A. W. Browne, T. W. B. Welsh
1911 Journal of the American Chemical Society  
In 1899 Goldschmidt and Salcherl studied the distribution of hydrochloric, hydrobromic, nitric, and orthobenzoic acids between certain tertiary bases and aniline, which was used as the solvent. The process by which these bases were to a certain extent liberated from their salts by the action of the solvent was designated by the authors, in recognition of a certain analogy with hydrolysis, as aminolysis. I n 1905 Franklin2 brought to light the remarkable analogy that exists between the reactions
more » ... tween the reactions involved in ordinary hydrolysis and the reactions in which ammonia effects the decomposition of various substances with formation of amides, imides, nitrides, or ammono-basic salts. In accordance with this analogy the breaking up of certain substances by the action of ammonia was appropriately regarded as a process of ammonolysis. Having felt the impetus given by the work of Franklin and his associates to research in the field of non-aqueous solvents, the authors have planned a series of investigations upon the behavior of the hydronitrogens and their derivatives in liquid ammonia. Hydrazine, or hydrogen dinitride, as it might be called, obviously bears a relation to ammonia empirically similar to that borne by hydrogen peroxide to water,Y while hydronitric acid, or hydrogen trinitride, may in a sense be regarded as analogous with the hypothetical higher oxides of hydrogen4 concerning which there has been some recent discussion. In case the hydrogen pernitrides in liquid ammonia possess properties similar to those of hydrogen peroxide in aqueous solution it is to be expected that under proper conditions they should act in a sense as oxidizing agents, or more strictly as nitridizing agents. One ultimate purpose of the research has therefore been to study the phenomena of ammono-oxidation, or nitridation. Another purpose has been to investigate the phase rule relations, especially the pressureconcentration curves, in the two component systems ( I ) ammonia, hydrazine, (2) ammonia, hydronitric acid, (3) hydrazine, hydronitric acid, and in the three-component system ammonia, hydrazine, hydronitric 2. fihystk.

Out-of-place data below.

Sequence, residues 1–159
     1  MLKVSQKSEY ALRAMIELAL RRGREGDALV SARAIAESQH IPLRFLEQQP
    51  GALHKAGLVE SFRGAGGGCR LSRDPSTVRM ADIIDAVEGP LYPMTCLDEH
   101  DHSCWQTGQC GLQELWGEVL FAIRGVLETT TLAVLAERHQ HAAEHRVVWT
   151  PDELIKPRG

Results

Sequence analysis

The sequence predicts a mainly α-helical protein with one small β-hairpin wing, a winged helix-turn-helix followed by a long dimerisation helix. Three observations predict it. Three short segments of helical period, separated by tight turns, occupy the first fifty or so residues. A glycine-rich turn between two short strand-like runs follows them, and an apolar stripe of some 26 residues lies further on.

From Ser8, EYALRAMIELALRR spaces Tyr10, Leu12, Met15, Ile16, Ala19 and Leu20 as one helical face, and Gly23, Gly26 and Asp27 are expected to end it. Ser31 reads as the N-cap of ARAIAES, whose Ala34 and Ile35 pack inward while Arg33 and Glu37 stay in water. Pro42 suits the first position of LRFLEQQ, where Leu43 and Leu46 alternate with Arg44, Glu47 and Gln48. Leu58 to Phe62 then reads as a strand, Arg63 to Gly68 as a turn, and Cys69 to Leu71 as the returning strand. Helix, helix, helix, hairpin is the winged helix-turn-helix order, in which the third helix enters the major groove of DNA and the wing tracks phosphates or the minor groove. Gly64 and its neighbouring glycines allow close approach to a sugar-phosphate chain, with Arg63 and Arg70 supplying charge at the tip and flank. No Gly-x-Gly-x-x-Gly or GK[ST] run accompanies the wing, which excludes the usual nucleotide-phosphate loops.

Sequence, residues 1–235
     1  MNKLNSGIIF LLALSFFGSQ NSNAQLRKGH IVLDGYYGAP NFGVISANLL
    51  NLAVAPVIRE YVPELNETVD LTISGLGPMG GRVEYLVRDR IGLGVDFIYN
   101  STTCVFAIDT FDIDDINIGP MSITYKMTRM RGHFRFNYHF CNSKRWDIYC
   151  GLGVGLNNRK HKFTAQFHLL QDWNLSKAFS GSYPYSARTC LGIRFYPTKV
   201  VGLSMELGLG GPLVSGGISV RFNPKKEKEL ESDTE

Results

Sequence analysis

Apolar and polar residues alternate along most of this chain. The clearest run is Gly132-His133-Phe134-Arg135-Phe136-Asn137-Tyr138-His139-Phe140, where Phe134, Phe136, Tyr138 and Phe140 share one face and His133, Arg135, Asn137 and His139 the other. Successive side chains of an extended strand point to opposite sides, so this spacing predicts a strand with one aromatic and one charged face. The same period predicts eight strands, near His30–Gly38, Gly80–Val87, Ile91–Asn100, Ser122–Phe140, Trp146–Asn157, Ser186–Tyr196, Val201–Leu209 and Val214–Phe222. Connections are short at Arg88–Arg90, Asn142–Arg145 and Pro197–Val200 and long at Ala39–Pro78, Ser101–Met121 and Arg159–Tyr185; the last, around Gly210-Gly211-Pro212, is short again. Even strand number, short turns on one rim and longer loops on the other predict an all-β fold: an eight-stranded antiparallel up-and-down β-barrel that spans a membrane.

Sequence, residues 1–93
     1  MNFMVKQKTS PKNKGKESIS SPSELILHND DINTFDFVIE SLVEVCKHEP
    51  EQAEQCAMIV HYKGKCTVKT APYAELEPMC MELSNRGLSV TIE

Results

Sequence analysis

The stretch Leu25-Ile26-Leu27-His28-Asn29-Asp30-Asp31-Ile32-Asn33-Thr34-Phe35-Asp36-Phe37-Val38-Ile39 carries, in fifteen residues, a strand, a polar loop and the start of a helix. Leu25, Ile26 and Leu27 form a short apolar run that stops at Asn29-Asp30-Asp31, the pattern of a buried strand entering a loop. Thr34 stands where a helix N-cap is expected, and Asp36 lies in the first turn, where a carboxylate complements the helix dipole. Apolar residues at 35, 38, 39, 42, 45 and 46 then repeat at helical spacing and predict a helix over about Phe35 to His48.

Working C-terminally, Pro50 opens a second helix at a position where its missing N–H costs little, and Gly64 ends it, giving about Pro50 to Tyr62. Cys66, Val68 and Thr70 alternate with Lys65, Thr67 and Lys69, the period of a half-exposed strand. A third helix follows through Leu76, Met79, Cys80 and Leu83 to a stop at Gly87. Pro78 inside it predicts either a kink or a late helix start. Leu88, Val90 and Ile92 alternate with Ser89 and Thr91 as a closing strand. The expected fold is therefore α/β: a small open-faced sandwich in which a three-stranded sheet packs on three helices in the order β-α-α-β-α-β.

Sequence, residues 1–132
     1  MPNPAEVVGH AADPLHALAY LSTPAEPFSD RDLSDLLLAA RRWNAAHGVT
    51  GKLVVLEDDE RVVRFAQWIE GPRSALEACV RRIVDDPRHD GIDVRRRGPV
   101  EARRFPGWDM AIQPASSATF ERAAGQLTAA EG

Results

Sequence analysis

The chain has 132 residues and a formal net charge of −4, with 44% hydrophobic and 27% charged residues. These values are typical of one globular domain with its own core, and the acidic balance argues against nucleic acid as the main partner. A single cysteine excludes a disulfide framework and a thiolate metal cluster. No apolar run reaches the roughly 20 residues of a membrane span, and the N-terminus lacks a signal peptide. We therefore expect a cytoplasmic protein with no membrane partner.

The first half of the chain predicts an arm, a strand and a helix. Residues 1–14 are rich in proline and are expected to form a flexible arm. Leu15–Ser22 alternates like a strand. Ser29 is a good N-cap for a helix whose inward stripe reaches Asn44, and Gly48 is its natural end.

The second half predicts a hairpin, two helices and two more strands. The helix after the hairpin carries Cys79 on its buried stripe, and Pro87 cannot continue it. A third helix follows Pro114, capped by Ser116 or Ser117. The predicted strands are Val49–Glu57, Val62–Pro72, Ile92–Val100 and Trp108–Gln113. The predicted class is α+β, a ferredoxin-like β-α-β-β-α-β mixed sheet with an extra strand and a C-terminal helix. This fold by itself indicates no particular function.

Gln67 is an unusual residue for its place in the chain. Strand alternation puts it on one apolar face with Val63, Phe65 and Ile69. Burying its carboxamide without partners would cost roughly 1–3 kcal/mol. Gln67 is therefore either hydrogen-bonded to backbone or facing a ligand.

doi:10.1021/ja02224a007 fatcat:h562q2bzqnettdjegsdpqeq73a